By Richard Winters
My Rating: 6 out of 10
4-Word Review: Madness has no bounds.
This is a revealing look at Russian composer Pyotr Ilyich Tchaikovsky (Richard Chamberlain) and based on his own personal correspondences as he fought his homosexual tendencies by marrying Nina (Glenda Jackson) a woman he really did not love. Her nymphomania becomes something he cannot satisfy and he eventually abandons her where they then both go on to suffer their own personal forms of madness.
Pianists and composers were like what rock stars are today and I liked how director Ken Russell handles the concert sequence by infusing in the thoughts of the people as they listen to the music and therefore allowing the viewer to visualize the experience of a concert goer.
The scenes with Nina in the asylum are a good example of the grotesque imagery, but they are also well orchestrated and quite memorable. However at times it also gets overdone and unintentionally comical especially the sequence involving Chamberlain’s ill-fated attempt at lovemaking to Jackson on a shadowy, bouncing train car.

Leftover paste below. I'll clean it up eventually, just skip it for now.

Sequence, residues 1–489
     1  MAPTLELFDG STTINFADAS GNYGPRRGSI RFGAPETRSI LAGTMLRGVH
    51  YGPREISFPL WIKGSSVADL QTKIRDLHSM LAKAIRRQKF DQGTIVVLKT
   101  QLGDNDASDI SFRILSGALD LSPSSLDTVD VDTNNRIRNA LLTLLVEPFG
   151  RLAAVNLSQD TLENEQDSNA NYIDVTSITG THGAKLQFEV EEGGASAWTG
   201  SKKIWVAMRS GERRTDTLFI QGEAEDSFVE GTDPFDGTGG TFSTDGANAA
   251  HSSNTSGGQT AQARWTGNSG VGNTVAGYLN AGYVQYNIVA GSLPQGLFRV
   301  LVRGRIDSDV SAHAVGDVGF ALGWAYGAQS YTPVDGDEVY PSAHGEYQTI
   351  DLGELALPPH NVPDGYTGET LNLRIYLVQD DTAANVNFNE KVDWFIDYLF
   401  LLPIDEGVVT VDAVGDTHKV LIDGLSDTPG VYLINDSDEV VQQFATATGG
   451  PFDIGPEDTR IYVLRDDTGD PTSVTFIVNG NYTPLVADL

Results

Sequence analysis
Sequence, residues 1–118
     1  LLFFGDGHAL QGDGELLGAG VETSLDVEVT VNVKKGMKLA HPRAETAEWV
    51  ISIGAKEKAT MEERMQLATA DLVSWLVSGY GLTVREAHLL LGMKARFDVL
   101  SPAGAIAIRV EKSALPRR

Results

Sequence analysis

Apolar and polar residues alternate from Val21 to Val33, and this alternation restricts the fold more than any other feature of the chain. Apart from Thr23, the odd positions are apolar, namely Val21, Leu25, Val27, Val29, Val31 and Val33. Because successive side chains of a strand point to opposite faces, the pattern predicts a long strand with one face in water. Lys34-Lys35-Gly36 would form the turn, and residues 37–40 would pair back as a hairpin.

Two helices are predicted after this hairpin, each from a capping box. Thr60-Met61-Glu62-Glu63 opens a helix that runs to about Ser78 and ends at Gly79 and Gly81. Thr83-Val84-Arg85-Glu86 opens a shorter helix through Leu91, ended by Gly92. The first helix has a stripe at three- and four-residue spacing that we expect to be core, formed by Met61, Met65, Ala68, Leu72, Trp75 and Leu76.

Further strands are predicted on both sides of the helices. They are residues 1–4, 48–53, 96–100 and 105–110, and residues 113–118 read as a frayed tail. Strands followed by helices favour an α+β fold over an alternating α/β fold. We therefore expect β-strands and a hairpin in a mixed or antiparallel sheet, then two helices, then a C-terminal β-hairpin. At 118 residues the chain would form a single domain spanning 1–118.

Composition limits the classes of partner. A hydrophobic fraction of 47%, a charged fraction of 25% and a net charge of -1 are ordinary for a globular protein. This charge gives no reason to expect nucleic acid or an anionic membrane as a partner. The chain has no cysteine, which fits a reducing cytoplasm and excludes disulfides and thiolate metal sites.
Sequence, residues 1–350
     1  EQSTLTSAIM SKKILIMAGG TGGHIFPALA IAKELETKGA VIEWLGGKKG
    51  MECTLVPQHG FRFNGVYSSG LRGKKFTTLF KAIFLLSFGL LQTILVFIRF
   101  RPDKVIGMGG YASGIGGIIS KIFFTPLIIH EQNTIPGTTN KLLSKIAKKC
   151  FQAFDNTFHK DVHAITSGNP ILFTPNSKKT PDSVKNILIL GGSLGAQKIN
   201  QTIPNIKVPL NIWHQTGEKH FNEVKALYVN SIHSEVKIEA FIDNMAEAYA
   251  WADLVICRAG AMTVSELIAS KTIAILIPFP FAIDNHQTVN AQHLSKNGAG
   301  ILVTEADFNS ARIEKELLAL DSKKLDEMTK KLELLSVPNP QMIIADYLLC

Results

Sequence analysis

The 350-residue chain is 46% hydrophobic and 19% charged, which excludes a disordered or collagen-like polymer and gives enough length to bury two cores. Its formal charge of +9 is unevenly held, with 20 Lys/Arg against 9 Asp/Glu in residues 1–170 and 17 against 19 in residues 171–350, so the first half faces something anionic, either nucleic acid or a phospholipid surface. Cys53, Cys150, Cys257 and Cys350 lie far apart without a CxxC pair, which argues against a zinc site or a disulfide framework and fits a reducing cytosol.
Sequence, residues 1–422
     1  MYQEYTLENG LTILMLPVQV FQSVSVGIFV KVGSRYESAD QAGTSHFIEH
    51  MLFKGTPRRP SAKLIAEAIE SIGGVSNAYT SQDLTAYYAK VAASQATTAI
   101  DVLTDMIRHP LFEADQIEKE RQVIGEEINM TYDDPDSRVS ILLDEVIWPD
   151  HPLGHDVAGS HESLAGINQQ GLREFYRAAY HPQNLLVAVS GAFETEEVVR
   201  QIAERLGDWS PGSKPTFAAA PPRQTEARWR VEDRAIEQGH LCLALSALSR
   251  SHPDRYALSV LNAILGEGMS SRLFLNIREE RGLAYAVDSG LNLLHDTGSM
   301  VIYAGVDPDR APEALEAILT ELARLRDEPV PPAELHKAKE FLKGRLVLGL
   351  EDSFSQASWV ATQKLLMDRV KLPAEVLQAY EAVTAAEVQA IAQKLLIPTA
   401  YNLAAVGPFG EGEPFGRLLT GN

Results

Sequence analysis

Russell shows no feeling for the subject and seems more interested in using it only as an excuse to show off his flashy style. The viewer is never allowed to get emotionally attached to the characters as we are only given a fragment of what these people were like and never the whole picture. The emphasis seems exclusively on their dark and self-destructive sides and watching their descent into madness is not very inspiring or insightful.
The casting of Chamberlain was a poor choice as the guy seems to have a very limited acting range. He is good looking, but lacks the charisma and his facial expressions rarely change while he shifts badly from underplaying the part to overplaying it.
Jackson fares far better and this could be considered a real find for her fans because she plays a type of character that she has never done before, or since. Usually she plays strong willed people, but here her character is weak allows herself to be dominated and exploited shamelessly even by her own mother while also taking part in a very provocative nude scene.
Overall if you like Russell’s style then you will enjoy it more than others. Otherwise it comes off as shallow, moody, and fragmented with some real slow spots during the middle half.
My Rating: 6 out of 10
Released: January 24, 1971
Runtime: 2Hours 4Minutes
Director: Ken Russell
Studio: United Artists
Available: DVD, Amazon Instant Video